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SALT LAKE CITY — While driving to an unfamiliar place, have you ever found yourself squinting to read road signs as you search for the next place to turn? When your eyesight isn’t what it should be, you notice.
When your life-sight, or perceptions, aren’t what they should be, do you notice just as easily? Albert Einstein once said “reality is merely an illusion,” arguing our perceptions shape our world. How do you see your world? How do you see, or give meaning to, your actions in your world?
Whether we are aware, we often fall into distorted patterns of thinking called cognitive distortions. Just as road signs can be distorted and blurred with poor vision, our thinking can be out of focus and inconsistent with reality. Your thoughts can be self-defeating, and you might talk yourself out of a healthy lifestyle and healthy goals unwittingly.
The resolutions we set with renewed energy at the start of the year to drink less soda, eat more vegetables or cook more homemade meals are just as valuable to us today as they were Jan. 1. The space between then and now is filled with thoughts that may or may not help you meet your goals.
Give yourself a perception check-up against common cognitive distortions to help you stay on track with healthy resolutions any time of the year.
The first very common distortion is the all-or-none thinking pattern that does not allow wiggle room for imperfection. It demands you complete all of your goal or give up. Worse, you may not start at all if there is a chance you won’t hit all your targets. This thinking pattern can be seen in the popular diet mentality, “I’ll start Monday.” While progress is graphed at an upward slope, in real life, that slope is wavy. Each healthy choice you make, including with foods, exercise, your thoughts and relationships, is progress and you are better today for trying than to have not tried at all.
Another distorted thought pattern, called global labeling, occurs when we overgeneralize and assign ourselves a limiting label. For example, you may think, “I didn’t play sports as a child, so I’m not athletic.” With this thought in mind, you may prevent yourself from trying new things. As an adult, you are more coordinated, understand better how to learn new things and may enjoy recreating in ways you hadn’t considered before. You may think, I’m a meat and potatoes person, and choose not to branch out and try new foods. This label would prevent you from progressing. Instead, examine the evidence and challenge your labels. It can be invigorating to defy your limiting self-perceptions.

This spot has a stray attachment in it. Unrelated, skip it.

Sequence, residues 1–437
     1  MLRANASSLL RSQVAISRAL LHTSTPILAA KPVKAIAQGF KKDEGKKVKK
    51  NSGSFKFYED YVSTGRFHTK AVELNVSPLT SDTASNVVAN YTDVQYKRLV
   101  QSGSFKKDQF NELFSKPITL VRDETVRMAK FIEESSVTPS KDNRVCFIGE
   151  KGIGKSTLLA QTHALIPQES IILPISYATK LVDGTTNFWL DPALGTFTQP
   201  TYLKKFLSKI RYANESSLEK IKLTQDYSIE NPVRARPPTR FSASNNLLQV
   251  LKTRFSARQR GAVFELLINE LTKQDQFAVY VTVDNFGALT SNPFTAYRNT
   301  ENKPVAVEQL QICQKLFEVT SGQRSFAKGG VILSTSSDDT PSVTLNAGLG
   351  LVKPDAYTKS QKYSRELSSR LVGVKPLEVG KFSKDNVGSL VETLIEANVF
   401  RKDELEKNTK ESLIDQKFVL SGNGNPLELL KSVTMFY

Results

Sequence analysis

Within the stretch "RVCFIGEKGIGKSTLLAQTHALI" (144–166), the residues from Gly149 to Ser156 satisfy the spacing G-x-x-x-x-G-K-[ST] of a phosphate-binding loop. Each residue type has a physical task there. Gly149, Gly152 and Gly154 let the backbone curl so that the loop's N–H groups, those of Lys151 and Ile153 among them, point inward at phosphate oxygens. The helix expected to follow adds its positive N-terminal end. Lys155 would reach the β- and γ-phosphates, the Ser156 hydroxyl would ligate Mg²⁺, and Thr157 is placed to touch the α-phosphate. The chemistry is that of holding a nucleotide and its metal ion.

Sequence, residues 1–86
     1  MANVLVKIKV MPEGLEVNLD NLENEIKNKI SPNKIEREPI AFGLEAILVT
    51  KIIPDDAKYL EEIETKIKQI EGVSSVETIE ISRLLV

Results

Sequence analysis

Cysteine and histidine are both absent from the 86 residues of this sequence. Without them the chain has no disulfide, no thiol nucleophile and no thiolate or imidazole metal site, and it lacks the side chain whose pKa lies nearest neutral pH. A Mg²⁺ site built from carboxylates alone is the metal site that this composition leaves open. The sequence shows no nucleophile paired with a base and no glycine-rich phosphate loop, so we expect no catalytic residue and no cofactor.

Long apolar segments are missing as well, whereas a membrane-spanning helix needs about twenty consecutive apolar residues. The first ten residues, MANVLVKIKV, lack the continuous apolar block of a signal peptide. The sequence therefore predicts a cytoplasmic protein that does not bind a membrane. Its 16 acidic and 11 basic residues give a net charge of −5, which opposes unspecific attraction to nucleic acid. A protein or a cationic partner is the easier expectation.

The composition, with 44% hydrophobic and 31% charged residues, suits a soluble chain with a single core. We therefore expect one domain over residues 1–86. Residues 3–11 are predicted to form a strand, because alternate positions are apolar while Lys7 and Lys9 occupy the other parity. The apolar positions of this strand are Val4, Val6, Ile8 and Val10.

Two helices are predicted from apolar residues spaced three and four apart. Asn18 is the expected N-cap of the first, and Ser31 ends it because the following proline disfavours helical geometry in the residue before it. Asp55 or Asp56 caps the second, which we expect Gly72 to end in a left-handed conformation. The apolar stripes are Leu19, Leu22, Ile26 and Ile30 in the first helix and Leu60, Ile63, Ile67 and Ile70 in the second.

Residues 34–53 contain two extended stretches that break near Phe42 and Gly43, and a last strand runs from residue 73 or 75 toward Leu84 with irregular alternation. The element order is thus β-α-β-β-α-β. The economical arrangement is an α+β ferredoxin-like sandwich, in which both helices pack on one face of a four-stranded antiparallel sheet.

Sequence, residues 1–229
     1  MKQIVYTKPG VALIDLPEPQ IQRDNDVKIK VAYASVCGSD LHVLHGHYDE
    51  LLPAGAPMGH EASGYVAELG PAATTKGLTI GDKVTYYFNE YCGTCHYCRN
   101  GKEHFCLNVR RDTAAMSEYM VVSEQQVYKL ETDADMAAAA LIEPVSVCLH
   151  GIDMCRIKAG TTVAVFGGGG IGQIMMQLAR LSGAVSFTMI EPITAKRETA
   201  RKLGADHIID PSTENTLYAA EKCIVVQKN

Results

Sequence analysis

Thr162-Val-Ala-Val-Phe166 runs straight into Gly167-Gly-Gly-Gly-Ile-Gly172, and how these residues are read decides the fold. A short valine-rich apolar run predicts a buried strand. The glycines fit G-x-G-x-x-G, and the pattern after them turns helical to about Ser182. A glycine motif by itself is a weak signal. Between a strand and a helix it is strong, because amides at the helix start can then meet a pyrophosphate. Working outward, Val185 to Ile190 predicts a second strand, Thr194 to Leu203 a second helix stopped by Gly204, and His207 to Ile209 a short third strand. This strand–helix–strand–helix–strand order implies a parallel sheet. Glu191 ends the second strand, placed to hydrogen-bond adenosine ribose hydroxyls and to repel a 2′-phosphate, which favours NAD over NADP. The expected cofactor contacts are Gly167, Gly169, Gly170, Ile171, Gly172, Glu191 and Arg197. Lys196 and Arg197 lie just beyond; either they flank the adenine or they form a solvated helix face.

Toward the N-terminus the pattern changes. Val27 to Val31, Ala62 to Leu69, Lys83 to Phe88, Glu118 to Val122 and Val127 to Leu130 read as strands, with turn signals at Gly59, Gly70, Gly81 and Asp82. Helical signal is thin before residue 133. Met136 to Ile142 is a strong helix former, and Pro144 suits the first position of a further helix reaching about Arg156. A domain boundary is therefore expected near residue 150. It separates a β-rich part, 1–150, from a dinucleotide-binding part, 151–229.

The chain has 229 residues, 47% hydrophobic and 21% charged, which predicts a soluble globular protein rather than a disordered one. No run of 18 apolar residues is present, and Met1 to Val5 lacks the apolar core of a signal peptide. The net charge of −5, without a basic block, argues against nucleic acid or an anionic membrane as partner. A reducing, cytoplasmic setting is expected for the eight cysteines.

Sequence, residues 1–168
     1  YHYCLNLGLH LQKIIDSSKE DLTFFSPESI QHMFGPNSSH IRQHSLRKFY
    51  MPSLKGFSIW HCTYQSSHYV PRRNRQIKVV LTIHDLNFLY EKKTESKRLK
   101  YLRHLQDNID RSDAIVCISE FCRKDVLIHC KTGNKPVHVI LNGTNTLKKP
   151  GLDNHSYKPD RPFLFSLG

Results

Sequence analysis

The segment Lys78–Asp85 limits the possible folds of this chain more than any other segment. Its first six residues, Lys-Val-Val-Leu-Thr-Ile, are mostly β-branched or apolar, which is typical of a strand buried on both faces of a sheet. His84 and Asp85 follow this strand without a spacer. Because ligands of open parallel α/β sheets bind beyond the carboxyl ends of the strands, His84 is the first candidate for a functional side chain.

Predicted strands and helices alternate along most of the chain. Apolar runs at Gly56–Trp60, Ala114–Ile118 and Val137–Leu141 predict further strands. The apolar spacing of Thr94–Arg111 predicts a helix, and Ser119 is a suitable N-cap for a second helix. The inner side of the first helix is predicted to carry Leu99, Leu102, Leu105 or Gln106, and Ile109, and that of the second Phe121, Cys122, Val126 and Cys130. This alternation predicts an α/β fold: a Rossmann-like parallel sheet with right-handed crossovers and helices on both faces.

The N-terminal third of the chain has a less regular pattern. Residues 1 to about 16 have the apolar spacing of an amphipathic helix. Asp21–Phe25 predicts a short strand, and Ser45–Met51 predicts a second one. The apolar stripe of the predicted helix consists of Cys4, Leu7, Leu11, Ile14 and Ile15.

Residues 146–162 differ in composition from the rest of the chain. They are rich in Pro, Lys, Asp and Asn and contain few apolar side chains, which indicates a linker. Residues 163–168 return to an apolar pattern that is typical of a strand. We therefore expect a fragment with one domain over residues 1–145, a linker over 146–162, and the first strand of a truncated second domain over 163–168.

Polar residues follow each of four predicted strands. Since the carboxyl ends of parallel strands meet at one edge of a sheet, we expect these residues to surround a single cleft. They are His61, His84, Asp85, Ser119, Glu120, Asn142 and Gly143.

Prophesizing happens when you try to tell the future by predicting the outcome of your goal in a negative way, and then fulfill your prophecy. It might sound like, “Why I am I trying to cook more vegetables for my family? No one has ever eaten them, and they will not eat them.” After predicting failure, you discourage yourself from trying. In reality, each time we try to make a positive change in our lives, the variables are different than the last time, and the outcome is unknown. Instead, focus on the good you have accomplished, and celebrate small victories. Certainly a negative prophecy is no help in achieving a goal.
Minimization occurs when you misconstrue big problems as minor ones. In terms of health, this could be called, “the eat drink and be merry distortion.” You may think, “It doesn’t matter what I eat because I’m going to die anyway. I might as well indulge.” This thinking ignores or minimizes the impact of lifestyle choices on the length and quality of life, which affects you and those you love. Lifestyle choices are not without consequence.
Lastly, arbitrary inference happens when you arrive at a conclusion without examining any evidence. For example, you might think, “I was out of town last weekend and ate out every meal, so I know I gained five pounds” without getting on a scale to check. You may choose to quit exercising and give up on healthy food choices based on an unchecked assumption.
When giving yourself a perception check-up, recognize distorted thinking, check your thoughts against the evidence, correct your thought and move toward progress instead of despair.
Make your next choice a healthy one. The power is in your hands and mind to improve your life.
Erica Hansen is a registered dietitian nutritionist with a masters degree in Nutritional Science from BYU. She works with individuals and businesses to make meaningful and nourishing changes that stick. She owns the website foodsthatfityourlife.com.